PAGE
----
Buzzword diarrhea – Why it’s not a great thing to do that now

Why BS-ing your way to the top won’t work. Ever.

Impressing with skills is all great, especially if they don’t involve bullshit professional verbal propaganda, sung out like an opera. You’ve possibly been around individuals who may prefer to shout out their experience and set of skills, instead of actually going out and proving their capacity. Even worse is believing that current standard phrases will lead to anything other than people who hear it to think that you’re really great at standard phrases. Why isn’t all of that a great idea?

Most people love to interact. Some of them might not enjoy to initiate any sort of conversation, but they will very much enjoy it when someone who is great at it does it. Spontaneous chats about the most fun things is what to expect in such circumstances, whether you’re finding yourself in a private or professional setting.

Now, what’s that other situation?

You know it, it’s when you find yourself stuck in a setting with someone (or more of them) who is keen on showing of his massive verbal skills. All the stories start in this way – there’s something this guy has read and it often involves some research, some sort of report. He has to state (loudly) whether he agrees with the conclusions of that report, after which the long monologue takes place.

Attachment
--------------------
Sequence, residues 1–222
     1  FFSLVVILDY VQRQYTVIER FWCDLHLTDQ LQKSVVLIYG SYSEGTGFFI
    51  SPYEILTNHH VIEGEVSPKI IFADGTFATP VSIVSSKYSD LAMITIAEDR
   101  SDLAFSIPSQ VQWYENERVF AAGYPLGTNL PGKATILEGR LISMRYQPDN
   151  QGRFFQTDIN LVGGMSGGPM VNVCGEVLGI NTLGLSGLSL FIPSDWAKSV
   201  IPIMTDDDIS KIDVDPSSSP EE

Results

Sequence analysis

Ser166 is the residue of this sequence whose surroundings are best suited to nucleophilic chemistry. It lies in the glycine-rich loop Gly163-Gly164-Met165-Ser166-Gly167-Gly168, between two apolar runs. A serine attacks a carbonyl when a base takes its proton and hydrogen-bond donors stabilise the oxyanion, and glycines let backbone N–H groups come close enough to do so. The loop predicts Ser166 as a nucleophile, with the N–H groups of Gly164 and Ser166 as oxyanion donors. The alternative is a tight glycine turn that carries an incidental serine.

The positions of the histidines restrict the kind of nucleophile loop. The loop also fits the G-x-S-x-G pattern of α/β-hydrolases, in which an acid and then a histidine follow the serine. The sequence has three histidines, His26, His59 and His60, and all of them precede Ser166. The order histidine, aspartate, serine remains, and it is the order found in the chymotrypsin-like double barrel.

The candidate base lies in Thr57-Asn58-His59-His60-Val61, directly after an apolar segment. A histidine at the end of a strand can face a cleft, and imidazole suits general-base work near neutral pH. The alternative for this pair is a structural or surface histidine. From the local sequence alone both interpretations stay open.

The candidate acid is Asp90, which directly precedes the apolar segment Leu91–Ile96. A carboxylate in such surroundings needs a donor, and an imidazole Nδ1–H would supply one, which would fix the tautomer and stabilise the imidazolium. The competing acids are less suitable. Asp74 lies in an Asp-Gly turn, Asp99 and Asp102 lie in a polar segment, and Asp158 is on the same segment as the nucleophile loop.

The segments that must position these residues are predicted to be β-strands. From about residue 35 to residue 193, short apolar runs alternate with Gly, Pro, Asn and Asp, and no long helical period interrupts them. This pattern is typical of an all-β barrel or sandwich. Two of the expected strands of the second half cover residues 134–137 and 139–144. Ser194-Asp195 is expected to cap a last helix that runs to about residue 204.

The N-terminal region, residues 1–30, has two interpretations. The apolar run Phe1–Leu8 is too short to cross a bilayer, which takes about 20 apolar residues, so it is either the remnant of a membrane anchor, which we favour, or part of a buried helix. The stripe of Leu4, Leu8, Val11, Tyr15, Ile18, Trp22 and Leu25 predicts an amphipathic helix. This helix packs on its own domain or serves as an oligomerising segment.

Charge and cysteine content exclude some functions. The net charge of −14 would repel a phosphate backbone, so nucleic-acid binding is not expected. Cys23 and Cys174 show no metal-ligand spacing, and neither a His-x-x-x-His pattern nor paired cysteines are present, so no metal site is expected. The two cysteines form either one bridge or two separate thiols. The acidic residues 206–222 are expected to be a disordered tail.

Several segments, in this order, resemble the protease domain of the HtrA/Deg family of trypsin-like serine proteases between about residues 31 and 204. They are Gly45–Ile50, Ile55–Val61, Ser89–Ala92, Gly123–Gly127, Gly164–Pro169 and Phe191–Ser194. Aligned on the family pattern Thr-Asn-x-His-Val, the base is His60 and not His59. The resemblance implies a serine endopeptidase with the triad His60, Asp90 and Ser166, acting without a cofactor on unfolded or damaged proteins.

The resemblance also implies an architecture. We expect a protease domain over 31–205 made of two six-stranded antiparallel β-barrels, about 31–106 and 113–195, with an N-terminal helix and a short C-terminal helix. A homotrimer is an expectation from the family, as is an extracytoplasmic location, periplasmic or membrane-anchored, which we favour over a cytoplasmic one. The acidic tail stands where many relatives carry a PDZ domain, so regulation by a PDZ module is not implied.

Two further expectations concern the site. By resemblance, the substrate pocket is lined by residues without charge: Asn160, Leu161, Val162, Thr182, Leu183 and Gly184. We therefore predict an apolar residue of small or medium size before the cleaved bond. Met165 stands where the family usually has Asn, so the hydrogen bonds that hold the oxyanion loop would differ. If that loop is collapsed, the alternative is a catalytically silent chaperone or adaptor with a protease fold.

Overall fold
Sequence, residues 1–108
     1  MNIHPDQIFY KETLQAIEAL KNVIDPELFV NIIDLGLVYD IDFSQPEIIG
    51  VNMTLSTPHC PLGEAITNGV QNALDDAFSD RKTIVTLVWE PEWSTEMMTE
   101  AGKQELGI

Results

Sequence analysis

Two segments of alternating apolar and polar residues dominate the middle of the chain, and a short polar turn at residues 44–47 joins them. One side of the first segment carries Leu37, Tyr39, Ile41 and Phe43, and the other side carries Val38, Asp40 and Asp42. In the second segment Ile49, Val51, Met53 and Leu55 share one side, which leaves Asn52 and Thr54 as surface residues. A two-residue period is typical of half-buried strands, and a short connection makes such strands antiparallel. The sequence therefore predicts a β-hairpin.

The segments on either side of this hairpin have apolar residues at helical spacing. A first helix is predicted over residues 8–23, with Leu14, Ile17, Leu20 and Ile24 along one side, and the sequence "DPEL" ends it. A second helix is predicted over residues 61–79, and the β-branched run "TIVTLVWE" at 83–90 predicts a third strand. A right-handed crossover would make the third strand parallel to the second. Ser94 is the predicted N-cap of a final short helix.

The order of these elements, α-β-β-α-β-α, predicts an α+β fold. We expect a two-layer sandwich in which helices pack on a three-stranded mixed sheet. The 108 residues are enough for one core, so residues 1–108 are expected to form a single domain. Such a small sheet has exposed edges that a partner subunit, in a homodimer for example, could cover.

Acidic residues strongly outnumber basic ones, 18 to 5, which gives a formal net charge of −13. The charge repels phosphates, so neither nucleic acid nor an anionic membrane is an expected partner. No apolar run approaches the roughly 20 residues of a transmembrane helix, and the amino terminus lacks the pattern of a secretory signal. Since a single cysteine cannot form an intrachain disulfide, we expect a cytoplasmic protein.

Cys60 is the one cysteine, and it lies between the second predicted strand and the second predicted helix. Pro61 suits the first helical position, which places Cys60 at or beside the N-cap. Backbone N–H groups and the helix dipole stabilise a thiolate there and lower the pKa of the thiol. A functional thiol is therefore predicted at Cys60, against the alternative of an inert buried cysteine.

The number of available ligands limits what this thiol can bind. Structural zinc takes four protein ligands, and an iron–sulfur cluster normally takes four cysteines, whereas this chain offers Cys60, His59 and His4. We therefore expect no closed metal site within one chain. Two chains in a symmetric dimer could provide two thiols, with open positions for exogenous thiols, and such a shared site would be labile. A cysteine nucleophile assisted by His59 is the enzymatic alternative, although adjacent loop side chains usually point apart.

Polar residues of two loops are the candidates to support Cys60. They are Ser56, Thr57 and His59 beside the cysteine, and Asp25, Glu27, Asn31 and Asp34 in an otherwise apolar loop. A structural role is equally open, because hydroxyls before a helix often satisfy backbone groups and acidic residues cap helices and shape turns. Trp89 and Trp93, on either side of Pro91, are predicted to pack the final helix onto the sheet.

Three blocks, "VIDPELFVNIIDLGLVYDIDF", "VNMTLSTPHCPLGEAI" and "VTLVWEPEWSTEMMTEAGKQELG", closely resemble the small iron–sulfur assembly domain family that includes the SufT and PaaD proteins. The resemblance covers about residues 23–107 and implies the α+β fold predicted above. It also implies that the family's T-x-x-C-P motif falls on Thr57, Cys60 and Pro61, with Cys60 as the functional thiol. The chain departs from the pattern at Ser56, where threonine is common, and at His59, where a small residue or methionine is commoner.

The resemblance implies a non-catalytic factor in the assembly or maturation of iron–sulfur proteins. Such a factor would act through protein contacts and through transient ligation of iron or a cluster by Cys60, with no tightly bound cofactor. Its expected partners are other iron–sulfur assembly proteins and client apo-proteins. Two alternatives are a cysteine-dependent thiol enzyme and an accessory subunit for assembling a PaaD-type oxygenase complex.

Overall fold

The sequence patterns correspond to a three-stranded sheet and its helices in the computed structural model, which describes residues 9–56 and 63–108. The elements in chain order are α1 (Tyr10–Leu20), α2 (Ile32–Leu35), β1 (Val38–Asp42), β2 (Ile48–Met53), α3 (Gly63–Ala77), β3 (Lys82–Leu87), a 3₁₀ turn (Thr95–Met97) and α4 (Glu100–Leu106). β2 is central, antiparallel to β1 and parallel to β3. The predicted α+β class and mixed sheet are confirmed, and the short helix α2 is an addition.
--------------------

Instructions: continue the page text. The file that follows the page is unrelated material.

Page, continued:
The whole first part was just an appetizer.

 

Copying what everyone else says – How smart is that?

Despite what the pros say, copying parts of their verbal repertoire won’t magically lead to the knowledge behind those words to be finding its way to your head. The times when impressing other people happened through reciting someone else are long gone – Google happened and that platform kicks our ass big times.

Now, what is left is much more demanding than playing memory games and raising voices. People today are actually required to think a little harder before they speak, and be careful so as to not make a dumbass out of themselves by buzzwording like there’s no tomorrow.

In any form of communication, some predispositions and preconditions are defined, that’s what makes them differ from each other in the first place. If you’re in a food shop with the aim to get yourself a steak, and you say:

“Dear Mr. Food Shop Representative,